Pericarditis caused by P. acnes is mainly found in men and is associated with cardiac surgery and immunosuppresion.2,3 Iseki et al.1 describe a patient with comorbidity and a calcified mass containing caseous material, as found in 1 of our patients (Figure). Fever has only been described in 1 other case.1 Chest pain has also been described, as have signs of right heart failure and cardiac taponade.1,3

Figure.

Cardiac magnetic resonance image of a patient with constrictive infectious pericarditis. A: cine echo image of short-axis plane gradient; pericardial effusion (*), pericardial thickening (**) and 1.5cm diameter hypointense nodule image (arrow), corresponding to mass full of material, in which Propionibacterium acnes was cultivated (B). LP, left posterior; MRN, magnetic resonance nuclear; RA, right anterior.

(0.2MB).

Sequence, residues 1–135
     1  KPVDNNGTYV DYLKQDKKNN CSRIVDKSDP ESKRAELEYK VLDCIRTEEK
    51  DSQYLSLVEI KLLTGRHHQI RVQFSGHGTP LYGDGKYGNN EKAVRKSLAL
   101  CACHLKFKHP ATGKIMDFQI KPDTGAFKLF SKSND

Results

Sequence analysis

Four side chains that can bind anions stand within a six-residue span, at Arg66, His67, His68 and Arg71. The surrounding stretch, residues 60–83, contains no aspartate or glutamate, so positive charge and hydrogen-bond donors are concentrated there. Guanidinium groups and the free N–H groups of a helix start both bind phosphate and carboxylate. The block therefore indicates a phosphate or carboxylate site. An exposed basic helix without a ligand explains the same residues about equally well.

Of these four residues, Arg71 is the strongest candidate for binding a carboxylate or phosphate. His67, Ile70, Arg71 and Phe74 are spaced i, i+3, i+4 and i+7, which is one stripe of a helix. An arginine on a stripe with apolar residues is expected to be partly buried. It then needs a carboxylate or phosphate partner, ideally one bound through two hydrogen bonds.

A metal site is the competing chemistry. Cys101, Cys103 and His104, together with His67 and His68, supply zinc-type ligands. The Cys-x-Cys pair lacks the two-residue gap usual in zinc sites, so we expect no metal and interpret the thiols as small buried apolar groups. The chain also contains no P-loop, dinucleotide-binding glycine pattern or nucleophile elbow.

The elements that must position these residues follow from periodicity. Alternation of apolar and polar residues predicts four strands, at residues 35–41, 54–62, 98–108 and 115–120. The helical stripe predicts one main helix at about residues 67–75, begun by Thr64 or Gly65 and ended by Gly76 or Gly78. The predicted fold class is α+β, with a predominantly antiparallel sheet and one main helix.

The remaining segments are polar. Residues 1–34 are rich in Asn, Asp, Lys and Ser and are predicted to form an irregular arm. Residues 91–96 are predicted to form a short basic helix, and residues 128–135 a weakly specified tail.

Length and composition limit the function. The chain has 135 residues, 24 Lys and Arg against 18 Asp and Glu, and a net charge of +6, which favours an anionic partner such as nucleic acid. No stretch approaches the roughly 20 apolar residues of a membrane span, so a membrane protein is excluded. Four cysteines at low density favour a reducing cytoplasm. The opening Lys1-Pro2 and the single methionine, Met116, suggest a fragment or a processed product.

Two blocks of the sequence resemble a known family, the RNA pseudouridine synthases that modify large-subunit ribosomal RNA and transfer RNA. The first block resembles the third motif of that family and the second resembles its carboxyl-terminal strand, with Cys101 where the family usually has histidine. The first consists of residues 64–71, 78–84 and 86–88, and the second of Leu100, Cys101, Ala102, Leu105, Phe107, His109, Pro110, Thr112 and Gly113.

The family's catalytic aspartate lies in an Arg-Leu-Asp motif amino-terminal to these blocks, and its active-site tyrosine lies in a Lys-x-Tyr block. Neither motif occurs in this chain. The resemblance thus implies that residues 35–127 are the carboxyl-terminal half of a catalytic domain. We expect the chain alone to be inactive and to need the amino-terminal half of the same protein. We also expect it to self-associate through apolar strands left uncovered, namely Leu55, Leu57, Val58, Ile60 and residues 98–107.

Late growth has been described in other infections caused by P. acnes4 and, in the context of compatible symptoms, it should not be considered contamination.5 The electrocardiographic and X-ray studies showed abnormalities similar to those described elsewhere.1,2 Echocardiograms have only previously been described in 2 patients with infectious pericarditis caused by P. acnes; both had pericardial effusion.1,2 Mookadam et al.3 reported that 34 of 49 cases of pericarditis caused by P. acnes needed surgery. However, these authors did not specify the type of surgery performed. The only report specifying the type of surgery describes a partial pericardiectomy.1 Three of our patients needed a wide pericardial resection and patch epicardiectomy. Inflammatory infiltration and fibrosis confirmed that despite minimal virulence, P. acnes has an immunostimulatory effect on the mononuclear phagocyte system, which produces inflammatory mediators such as metaloproteases and tumor necrosis factor alpha.6 This microorganism has been associated with inflammatory diseases such as sarcoidosis, which would explain the need for a combined NSAID, colchicine and corticosteroid regimen. Doxycycline was selected as the maintenance antimicrobial treatment of choice, due to its ability to inhibit the metaloproteases of P. acnes.6